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Advice to young scientists: Do important science!

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Avrion Mitchison makes me a world player in immunology
Martin Raff Scientist
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Av Mitchison, my mentor, didn’t put his name on the first paper on this subject that was accepted finally in Nature.  So here was… he had actually started this project, it was his idea, he had started raising the antibodies before I got there, but he wouldn’t put his name on the paper. As a result of that, I became an international figure in immunology because of this one paper that I was the sole author. So… this wasn’t an exception for Mitchison, I mean, he did this over and over again with students and postdocs and it just had a huge impact on their careers. You see this very rarely done today and, anyway, it was… it was very important to me.

So after I’d been here for, I guess a year and a half… had been at Mill Hill for a year and a half, Mitchison was offered the chair of zoology at this university, University College London, and decided to take it. So one night he asked me, he said, ‘If, you know… if you ever decided you wanted to stay in science and stay in Britain, it’d be great to have you’. And so that night I decided, cut out all this medicine stuff, become a scientist because I’d done eight, ten years of medicine and I’d only done a year and a half of science so, you know, I was now 31 years old, it was not an obvious thing to do but, anyway, the smartest thing I ever did.

And so we moved to here and it was Mitchison’s idea to say, you know, you’ve spent all that time doing neurology, maybe you should use the same kind of approach to study cells of the nervous system, you know, make antibodies to distinguish one type of cell in the nervous system from another, and so we wrote a grant to do that. Neither of us knew anything really about the science of the nervous system.  I mean clinical training is quite different from science. In fact, it’s a terrible training for science really because in clinical medicine you’re always looking back and comparing a patient to what others have seen and said and wrote, and comparing what you’re seeing to that. In science it’s the exact opposite; whatever you see, you’re trying to see it differently, in a way no one’s ever seen it. So the training in medicine… I mean, you really have to get rid of all that way of looking at the world and dealing with it, and so my own view is that medicine really is a very poor training for science and I… if I had to do it again, I would two years of medicine so that you learn how your body works and what to take seriously and what not to take seriously, and it’s enormously helpful for life but useless for science in my view.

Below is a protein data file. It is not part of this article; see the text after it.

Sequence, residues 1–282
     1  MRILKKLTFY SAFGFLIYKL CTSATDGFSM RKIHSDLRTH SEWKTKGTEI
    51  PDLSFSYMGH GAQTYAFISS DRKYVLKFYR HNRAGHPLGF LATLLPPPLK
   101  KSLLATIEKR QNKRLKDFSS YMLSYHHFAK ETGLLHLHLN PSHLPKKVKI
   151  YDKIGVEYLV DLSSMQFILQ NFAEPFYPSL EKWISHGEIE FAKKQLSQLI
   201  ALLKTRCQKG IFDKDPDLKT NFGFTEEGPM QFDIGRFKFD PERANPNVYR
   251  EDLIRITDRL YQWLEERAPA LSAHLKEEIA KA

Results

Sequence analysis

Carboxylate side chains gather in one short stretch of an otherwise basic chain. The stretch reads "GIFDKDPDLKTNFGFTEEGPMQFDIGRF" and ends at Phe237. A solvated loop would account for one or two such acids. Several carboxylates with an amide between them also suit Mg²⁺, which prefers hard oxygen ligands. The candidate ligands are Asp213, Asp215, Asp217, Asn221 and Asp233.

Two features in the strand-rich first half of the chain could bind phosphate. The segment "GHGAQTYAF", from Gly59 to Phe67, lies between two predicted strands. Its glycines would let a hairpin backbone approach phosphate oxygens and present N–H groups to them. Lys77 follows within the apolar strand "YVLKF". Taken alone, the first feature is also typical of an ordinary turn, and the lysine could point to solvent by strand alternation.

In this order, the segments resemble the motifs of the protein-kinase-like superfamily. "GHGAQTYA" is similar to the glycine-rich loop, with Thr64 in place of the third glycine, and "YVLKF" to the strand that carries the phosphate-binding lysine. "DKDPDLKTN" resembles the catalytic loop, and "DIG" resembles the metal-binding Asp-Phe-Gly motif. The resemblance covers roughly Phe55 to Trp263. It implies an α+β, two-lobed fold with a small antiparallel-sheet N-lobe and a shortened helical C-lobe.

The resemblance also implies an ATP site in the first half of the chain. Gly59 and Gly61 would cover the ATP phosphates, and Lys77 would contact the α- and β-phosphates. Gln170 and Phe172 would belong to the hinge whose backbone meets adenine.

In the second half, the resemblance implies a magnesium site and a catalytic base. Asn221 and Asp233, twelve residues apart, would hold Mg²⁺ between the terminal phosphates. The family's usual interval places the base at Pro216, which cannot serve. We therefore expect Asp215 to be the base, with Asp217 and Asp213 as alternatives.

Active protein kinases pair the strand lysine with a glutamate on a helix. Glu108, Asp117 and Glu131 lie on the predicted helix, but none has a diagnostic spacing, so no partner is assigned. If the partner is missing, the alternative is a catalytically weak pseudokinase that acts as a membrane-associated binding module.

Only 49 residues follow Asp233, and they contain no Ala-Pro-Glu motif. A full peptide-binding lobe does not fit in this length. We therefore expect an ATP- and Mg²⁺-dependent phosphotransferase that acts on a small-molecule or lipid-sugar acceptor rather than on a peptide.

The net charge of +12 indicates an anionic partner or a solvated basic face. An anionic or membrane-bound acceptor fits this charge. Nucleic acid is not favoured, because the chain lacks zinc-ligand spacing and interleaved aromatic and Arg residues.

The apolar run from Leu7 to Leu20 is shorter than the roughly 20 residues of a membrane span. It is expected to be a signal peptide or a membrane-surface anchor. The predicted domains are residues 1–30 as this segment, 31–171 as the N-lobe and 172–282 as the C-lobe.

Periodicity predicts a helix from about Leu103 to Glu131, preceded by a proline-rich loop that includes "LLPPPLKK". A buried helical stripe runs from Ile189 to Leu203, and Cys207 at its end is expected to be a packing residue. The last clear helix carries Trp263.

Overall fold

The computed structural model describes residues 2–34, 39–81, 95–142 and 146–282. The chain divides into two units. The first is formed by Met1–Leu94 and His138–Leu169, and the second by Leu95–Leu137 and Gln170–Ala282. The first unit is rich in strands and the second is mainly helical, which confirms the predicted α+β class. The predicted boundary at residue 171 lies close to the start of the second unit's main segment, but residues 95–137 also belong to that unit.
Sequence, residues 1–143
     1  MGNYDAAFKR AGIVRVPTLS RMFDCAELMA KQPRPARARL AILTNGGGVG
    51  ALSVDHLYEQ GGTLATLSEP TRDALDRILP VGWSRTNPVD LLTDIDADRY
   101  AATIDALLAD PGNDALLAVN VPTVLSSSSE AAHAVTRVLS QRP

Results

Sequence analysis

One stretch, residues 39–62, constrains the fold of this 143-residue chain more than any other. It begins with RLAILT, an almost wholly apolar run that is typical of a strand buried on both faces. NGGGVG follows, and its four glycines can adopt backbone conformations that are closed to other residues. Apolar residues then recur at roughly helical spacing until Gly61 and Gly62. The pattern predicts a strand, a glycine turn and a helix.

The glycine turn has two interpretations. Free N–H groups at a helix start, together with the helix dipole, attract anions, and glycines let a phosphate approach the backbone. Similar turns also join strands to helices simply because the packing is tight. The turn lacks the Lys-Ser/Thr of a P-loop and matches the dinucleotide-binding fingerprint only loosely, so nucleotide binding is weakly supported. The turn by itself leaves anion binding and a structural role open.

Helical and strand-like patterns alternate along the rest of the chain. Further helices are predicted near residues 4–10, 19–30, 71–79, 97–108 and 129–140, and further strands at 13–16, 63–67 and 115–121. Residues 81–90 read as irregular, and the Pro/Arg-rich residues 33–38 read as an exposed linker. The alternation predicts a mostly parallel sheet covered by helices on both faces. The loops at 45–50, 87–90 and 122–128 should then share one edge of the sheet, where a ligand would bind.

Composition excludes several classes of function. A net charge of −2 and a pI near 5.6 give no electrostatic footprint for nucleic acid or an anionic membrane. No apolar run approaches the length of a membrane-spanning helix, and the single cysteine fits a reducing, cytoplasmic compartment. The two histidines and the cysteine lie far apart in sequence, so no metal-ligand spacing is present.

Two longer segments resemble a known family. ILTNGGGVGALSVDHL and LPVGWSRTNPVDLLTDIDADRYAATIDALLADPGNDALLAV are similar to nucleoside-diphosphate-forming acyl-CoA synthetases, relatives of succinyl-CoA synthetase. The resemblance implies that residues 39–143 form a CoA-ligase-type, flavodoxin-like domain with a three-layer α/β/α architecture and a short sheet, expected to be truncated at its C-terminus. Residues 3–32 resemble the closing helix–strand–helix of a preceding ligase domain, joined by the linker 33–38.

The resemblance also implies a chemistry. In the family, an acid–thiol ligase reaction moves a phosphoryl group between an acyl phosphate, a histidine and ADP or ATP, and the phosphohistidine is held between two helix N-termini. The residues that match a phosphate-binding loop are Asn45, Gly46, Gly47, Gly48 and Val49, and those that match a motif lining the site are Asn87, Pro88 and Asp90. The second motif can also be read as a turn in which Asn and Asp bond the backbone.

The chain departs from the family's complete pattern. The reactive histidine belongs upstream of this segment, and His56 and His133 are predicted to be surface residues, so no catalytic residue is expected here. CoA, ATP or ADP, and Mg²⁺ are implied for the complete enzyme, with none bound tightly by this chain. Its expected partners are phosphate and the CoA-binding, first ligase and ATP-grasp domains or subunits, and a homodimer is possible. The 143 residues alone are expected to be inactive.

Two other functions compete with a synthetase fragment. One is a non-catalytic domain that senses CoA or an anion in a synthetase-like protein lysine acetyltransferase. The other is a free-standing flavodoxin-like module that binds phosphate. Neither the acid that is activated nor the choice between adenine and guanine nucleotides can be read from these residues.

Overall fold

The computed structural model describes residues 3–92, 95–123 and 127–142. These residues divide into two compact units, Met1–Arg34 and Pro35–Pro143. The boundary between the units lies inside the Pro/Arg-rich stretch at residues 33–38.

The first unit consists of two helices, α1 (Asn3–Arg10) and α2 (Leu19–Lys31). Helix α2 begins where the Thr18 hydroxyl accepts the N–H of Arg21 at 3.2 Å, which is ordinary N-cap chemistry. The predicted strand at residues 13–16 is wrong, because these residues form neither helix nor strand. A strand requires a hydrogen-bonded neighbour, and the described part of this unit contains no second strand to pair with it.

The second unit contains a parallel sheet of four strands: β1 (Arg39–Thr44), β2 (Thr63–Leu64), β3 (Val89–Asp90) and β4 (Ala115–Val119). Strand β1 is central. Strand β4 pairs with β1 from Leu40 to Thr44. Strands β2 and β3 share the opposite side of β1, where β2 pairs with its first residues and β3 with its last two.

Anyway, we did that… I did that. I started making antibodies in the cells of the nervous system and basically it didn’t work. I mean, we tried this for years and it didn’t work, and finally we got our first breakthrough and began to be able to use antibodies to dissect cells in the nervous system, but it was very tough-going and switching fields was also very tough-going. The system doesn’t make it easy to do it. We should make it a hell of a lot easier because history tells you switching fields is tremendously creative. Because in science, as I said, what you’re trying to do is always see things in a way no one’s ever seen it before because you’re always seeing it in a way that isn’t right. You don’t know enough to see it right so you’re trying to always change your perspective, and it’s… it’s very hard to do, but it’s much easier if you move from one field to another because now you come into the new field without all this baggage of traditional way of seeing it and you bring a new way of looking at the subject.

So my moving from immunology to neurobiology I think took a hell of a long time. It was hard, but I think it was very useful in the end. Feynman used to say wouldn’t go to meetings, wouldn’t read journals because all this dogma coming at you, how everybody is seeing the world, it’s very hard to fight your way out of that and see it differently. So one way of doing it is moving from one field to another, and I’ve done that probably four or five times in my career.

Martin Raff is a Canadian-born neurologist and research biologist who has made important contributions to immunology and cell development. He has a special interest in apoptosis, the phenomenon of cell death. Recently retired from his professorship at University College, London, these stories were recorded in 2000.

Listeners: Christopher Sykes

Christopher Sykes is a London-based television producer and director who has made a number of documentary films for BBC TV, Channel 4 and PBS.

Tags: Nature, Mill Hill, MRC National Institute for Medical Research, Avrion Mitchison, Richard Feynman

Duration: 4 minutes, 25 seconds

Date story recorded: 2000

Date story went live: 13 July 2010